2 Utah rallies denounce white nationalist violence

Salt Lake City residents held a unity and anti-racism rally Monday night to denounce the messages of white supremacists. AP Photo, Rick Bowmer.

Salt Lake City (AP) — More than a thousand people demonstrated in Salt Lake City on Monday night to denounce violence, hatred and the white supremacists that held a weekend rally in Charlottesville, Virginia that devolved into violence.

A boisterous crowd descended on Salt Lake City Hall to hear several state lawmakers, social justice activists and others call out hate groups and urge white people in particular to speak out against racism.

The rally followed a smaller event at the state Capitol, where elected officials called for unity.

Rally in Salt Lake City against hatred, racism and violence. AP Photo, Rick Bowmer.

The gatherings were among many anti-racism and solidarity rallies held around the country after violence erupted in Virginia on Saturday. Neo-Nazis, Ku Klux Klan members and other white nationalists gathered in Charlottesville to oppose plans to remove a statue of slave-owning Confederate Gen. Robert E. Lee. Hundreds of counter protesters took to the streets, which led to clashes and fights. A car rammed into a peaceful crowd of counter protesters and killed 32-year-old Heather Heyer.

In Utah, public officials and activists called the attacks sickening and un-American.

U.S. Rep. Mia Love spoke to a group of about 200, including Democratic and Republican state officials, early Monday evening.

Love, the first black Republican woman elected to the U.S. House of Representatives, said told a story about her first job in which she gave swim lessons to children. One of her students told Love he liked her but that his parents didn't because she was black.

Love said it showed her that while hatred is taught, it can also be reversed.

Utah rallies against white nationalist hatred and violence seen in Charlottesville, Va. last weekend. AP Photo, Rick Bowmer.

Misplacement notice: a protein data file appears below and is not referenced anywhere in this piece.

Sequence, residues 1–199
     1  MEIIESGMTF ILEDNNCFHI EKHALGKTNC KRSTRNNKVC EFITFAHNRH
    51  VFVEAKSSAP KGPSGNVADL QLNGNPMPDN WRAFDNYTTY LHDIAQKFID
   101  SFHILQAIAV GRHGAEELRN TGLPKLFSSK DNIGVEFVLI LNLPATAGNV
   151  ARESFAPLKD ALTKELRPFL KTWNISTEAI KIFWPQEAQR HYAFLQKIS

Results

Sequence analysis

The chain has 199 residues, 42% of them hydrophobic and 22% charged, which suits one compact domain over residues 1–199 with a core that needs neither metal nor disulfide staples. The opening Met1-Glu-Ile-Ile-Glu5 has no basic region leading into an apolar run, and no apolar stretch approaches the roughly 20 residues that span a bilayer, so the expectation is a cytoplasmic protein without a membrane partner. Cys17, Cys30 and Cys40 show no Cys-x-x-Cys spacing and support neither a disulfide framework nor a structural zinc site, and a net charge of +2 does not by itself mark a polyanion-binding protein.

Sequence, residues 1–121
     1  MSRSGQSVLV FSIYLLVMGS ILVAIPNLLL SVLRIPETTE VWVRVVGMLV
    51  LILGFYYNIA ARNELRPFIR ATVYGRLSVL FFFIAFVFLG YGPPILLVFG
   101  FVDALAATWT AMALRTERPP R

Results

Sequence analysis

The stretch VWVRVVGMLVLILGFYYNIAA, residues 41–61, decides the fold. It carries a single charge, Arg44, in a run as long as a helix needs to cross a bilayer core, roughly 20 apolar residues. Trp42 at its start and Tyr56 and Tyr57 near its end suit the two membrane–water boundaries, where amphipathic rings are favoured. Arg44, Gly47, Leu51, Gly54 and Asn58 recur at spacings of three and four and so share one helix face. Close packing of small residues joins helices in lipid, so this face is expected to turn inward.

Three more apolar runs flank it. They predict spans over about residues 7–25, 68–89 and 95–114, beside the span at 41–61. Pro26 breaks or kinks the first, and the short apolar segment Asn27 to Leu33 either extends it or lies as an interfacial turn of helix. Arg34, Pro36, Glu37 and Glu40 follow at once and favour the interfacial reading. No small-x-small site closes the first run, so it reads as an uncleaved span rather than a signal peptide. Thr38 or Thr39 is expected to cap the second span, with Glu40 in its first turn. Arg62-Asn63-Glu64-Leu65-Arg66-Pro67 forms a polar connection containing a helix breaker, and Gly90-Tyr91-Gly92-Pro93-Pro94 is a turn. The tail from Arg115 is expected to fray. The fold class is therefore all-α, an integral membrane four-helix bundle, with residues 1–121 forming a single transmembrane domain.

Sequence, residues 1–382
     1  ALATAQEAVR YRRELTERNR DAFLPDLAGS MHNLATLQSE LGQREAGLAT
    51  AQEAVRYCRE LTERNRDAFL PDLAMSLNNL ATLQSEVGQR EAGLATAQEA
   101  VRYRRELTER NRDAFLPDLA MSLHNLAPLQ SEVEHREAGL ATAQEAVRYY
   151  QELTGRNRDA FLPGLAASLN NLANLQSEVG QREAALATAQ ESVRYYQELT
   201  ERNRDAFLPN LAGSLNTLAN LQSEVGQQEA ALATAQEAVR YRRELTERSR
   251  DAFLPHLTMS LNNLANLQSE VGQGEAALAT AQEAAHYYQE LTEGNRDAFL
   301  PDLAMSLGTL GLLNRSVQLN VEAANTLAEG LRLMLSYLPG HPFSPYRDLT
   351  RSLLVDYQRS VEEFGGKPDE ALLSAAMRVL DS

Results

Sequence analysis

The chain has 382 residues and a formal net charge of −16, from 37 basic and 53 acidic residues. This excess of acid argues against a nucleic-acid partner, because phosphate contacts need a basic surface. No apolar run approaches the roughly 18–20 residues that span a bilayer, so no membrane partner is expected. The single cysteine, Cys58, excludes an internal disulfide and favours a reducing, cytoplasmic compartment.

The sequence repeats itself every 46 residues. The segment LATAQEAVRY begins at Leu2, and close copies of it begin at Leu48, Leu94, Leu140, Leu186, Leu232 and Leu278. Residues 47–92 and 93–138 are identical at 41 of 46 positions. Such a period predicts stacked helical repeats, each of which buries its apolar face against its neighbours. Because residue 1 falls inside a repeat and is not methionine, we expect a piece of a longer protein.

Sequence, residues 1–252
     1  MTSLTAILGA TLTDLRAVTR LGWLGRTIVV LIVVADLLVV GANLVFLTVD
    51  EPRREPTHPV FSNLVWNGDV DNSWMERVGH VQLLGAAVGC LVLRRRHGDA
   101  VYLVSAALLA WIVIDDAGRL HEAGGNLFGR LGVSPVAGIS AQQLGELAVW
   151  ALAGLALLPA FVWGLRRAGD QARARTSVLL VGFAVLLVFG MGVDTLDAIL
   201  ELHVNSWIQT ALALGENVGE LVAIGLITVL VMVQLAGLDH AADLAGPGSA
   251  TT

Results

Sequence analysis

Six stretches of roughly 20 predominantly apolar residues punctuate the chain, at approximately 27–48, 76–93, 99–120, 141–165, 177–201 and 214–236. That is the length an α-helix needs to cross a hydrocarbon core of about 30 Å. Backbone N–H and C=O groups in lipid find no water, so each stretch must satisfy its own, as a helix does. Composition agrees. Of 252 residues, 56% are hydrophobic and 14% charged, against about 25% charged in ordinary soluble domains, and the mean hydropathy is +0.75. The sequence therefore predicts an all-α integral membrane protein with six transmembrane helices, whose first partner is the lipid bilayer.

The crowd linked arms at one point to box out a man interrupting speakers and who was holding a sign defending white nationalists' free speech.

The man, who declined to give his name, said he felt the white nationalists were lawfully assembling and were attacked by liberal groups.

As the man interrupted him, Lt. Gov. Spencer Cox said love was the best way to combat hate, saying, "Let's love this gentleman behind me." Someone in the crowd responded, shouting, "I love you, sir!"

Speakers at the Capitol event urged unity and bipartisanship.

The larger, anti-racism rally at city hall dived right into politics, with speakers decrying fascism and racism and several saying they felt President Donald Trump had emboldened hate groups, comments that drew loud cheers and applause from the energetic crowd.

"Those of us who know that racism has always been present have felt this shift, perhaps a turning point," said Kathy Abarca, executive director of Racially Just Utah. "Trump has made white power groups and other hate groups feel legitimate."

"We must name this evil: This is domestic terrorism," Abarca said, to thundering applause and cheers.

The event, organized by the Utah League of Native American Voters, included speakers from Equality Utah, Utah Against Police Brutality and the Utah Women of Color Council.

Utah Attorney General Sean Reyes, a Republican who spoke at both events, was met with loud boos at the second rally. Reyes, an early and vocal supporter of Trump, decried racism but was at times drowned out by some urging him to leave the stage.

Several arguments broke out along the fringes of the demonstration.

At least one motorcycle rider who loudly revved his bike's engine during the speeches was later surrounded by a crowd, where some argued with the man about the government and racism. Another argument broke out among some in the crowd after someone shouted down an LGBTQ activist.

By Michelle L. Price. Copyright 2017 Associated Press. All rights reserved.

The Gayly – August 15, 2017 @ 11:20 a.m. CDT.